The Kyle File
by David Abdel
Hays Central Appraisal District recently released its figures regarding property valuations. Of course, as they often do, valuations are going up. Kyle is surging in population, development, economy and such. This is probably welcome news to many, as it is going to increase the coffers the city has to spend.
We know that Kyle is growing fast. We see it every day when we go wherever we go. Hardly a mile can be driven without seeing land being torn up and new structures emerging from the rubble within days. Inevitable, I guess. I would argue it could have been managed better, others would argue it simply cannot be managed at all. Ok.
I’ve pointed out both my frustrations at what is being built, how quickly it is being built, and what impact it can have on facets of our community. As I was having lunch the other day someone brought up how they plan to sell their home here in Kyle and move out of the city. They were excited because we are in a seller’s market, and they are going to make a significant profit on selling their home. I was happy they were happy.
What makes me unhappy, though, is all of those families, many of whom I know, that have lived in Kyle for generations and don’t wish to sell and move. Those families that put down roots here in an affordable home, went about making a living and raising a family, intertwining themselves with the community, and becoming a vital part of making Kyle what it is today. There would be no mega attraction to Kyle without all of these families making Kyle such a welcoming, close knit, attractive community. Many of these families want to remain here, and their children (whom I’ve had these conversations with) want to remain here, raise their families here, and continue to grow their stake in the community. The unhappiness I face is how much harder it is becoming to do that.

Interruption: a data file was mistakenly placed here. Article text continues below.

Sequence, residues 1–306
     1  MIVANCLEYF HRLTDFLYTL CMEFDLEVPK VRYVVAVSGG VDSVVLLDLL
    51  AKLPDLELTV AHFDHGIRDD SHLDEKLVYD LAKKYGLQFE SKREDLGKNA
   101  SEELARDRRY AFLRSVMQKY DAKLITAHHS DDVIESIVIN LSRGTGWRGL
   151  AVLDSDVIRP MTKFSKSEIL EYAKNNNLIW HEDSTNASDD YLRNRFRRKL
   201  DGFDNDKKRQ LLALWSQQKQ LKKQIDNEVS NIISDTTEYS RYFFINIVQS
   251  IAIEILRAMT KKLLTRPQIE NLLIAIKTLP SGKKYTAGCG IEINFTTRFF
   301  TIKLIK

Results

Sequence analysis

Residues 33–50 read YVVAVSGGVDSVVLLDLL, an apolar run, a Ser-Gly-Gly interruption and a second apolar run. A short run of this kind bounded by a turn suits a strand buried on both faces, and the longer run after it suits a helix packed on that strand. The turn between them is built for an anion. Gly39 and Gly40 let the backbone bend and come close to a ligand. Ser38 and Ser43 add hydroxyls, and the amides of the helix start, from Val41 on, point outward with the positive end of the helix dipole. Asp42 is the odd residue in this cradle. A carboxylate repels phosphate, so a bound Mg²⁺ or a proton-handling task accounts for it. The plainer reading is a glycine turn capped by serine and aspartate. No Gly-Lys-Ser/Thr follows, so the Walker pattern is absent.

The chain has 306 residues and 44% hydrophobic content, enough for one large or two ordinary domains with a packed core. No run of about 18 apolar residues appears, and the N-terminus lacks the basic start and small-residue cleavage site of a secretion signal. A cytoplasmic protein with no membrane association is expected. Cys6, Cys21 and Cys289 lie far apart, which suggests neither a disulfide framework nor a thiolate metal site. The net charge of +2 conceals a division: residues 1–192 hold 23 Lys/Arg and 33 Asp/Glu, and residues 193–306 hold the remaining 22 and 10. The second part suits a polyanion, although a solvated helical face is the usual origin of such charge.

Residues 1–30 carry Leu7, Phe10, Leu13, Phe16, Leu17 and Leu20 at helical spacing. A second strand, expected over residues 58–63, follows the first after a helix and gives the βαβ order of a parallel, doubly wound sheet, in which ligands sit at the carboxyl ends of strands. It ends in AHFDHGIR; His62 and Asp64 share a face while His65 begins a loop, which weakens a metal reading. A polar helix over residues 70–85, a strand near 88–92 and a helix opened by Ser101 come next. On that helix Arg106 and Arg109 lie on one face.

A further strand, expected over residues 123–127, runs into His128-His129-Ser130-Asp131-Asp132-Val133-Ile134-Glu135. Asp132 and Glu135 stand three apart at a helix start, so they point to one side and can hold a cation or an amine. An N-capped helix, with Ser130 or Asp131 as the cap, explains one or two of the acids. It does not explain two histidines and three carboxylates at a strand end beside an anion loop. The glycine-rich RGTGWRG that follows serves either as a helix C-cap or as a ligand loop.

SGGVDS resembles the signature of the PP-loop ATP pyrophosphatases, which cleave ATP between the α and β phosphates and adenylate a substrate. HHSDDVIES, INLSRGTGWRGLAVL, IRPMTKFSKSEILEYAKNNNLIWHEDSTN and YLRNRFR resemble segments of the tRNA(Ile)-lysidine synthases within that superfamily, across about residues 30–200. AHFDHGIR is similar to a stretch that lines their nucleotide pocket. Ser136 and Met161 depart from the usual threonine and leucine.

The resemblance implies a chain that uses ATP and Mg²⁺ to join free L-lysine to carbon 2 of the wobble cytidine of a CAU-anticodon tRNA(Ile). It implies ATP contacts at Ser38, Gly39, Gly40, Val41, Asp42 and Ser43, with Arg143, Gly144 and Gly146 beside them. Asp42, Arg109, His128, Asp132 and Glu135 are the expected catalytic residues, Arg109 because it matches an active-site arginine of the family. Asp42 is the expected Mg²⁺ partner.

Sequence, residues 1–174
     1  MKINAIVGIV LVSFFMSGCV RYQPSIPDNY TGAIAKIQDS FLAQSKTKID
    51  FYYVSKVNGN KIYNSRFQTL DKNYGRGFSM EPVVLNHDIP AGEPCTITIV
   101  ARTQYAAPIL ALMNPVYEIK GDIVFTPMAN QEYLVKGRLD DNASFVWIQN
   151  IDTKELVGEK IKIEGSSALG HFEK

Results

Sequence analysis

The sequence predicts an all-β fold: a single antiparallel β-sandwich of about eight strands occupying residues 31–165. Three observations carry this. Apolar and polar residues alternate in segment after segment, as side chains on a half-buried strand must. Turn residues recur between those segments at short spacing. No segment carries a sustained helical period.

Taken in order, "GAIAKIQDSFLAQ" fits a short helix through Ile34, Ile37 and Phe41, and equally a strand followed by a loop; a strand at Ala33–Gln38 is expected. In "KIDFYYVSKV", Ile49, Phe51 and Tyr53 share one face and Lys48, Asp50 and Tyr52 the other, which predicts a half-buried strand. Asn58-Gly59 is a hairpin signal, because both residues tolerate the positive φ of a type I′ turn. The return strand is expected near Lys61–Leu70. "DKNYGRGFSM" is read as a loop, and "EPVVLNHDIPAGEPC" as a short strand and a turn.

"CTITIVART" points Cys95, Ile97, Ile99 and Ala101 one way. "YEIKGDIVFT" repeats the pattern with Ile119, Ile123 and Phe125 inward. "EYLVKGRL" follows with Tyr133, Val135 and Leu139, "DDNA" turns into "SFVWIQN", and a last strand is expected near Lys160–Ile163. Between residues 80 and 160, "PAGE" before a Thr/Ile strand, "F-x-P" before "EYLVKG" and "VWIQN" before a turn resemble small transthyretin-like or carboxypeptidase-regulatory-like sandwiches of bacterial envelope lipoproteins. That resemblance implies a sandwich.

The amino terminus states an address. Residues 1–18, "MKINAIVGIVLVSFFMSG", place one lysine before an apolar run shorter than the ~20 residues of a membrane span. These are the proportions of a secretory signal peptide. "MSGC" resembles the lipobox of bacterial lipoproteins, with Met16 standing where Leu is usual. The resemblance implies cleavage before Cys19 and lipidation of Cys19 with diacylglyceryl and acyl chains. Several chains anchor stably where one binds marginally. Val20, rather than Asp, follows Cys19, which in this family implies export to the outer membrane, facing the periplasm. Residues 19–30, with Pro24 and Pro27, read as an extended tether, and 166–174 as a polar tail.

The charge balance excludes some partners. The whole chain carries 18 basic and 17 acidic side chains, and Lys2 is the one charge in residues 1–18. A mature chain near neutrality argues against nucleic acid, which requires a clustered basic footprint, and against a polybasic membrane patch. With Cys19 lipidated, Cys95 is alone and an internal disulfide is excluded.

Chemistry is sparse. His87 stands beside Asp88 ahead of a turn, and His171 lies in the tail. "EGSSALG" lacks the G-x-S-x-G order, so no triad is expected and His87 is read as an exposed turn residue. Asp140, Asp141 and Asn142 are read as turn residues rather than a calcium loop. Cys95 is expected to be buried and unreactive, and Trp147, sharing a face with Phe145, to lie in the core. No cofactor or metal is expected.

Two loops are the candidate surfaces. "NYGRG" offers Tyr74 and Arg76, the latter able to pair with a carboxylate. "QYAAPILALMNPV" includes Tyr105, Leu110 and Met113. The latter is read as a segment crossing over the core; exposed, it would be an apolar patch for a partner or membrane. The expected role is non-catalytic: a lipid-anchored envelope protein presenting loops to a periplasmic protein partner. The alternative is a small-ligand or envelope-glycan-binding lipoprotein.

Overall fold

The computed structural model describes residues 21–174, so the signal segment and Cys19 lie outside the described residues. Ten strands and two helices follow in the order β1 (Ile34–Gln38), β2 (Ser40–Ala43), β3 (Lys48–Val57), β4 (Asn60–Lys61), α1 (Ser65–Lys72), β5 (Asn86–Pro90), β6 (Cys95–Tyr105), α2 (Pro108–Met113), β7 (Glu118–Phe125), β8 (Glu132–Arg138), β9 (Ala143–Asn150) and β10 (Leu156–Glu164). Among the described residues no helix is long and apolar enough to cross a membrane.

As our property values rise, the tax we pay does as well. You’ve all felt that when the bill comes. Frustratingly, it is becoming ever apparent that the cost of remaining in Kyle is too great a burden to bear, and we are losing families because of it. Families that bought affordable homes a generation ago, and having been working to maintain it while keeping up with the rising cost of living here are struggling to continue, and are faced with the decision of finding more work to keep up, or selling and moving.
Some would say, ‘well they can sell for a great profit, that’s a good thing.’ However, if you don’t want to leave your home, it’s not. Some people don’t view their home as a financial asset, they view it as a part of their family history. It’s where their children were raised and played. It’s where memories took place, good and bad. It’s a part of the culture of their lives, possibly for generations. They don’t want to leave. They don’t want to go find a new job, in a new town, away from everything they’ve known.
The chorus of “just the way it is-ism” looks at these souls and says there is nothing that can be done. We have to simply make way for the newer residents, with higher incomes to afford the new higher priced homes – or those with the financial means to keep theirs. Some will say they simply need to work harder, maybe take on a second job to pay the mortgage, not understanding that many already have second and third jobs, and every member of the family is working to provide. Are a bunch of new, higher paying jobs coming to Kyle? I concede yes. Will it help the rising tax bill of today? No. Not everyone in need is getting a job that covers everything, let’s not kid ourselves. A willful ignorance plagues many I’m afraid.
So, for the profiteers who are happy to leave Kyle behind in favor of cash windfall on their home, happy trails. For those struggling to stay in the town they helped make, alongside their family, clinging to the last vestiges of affordability, I hope a reprieve comes soon.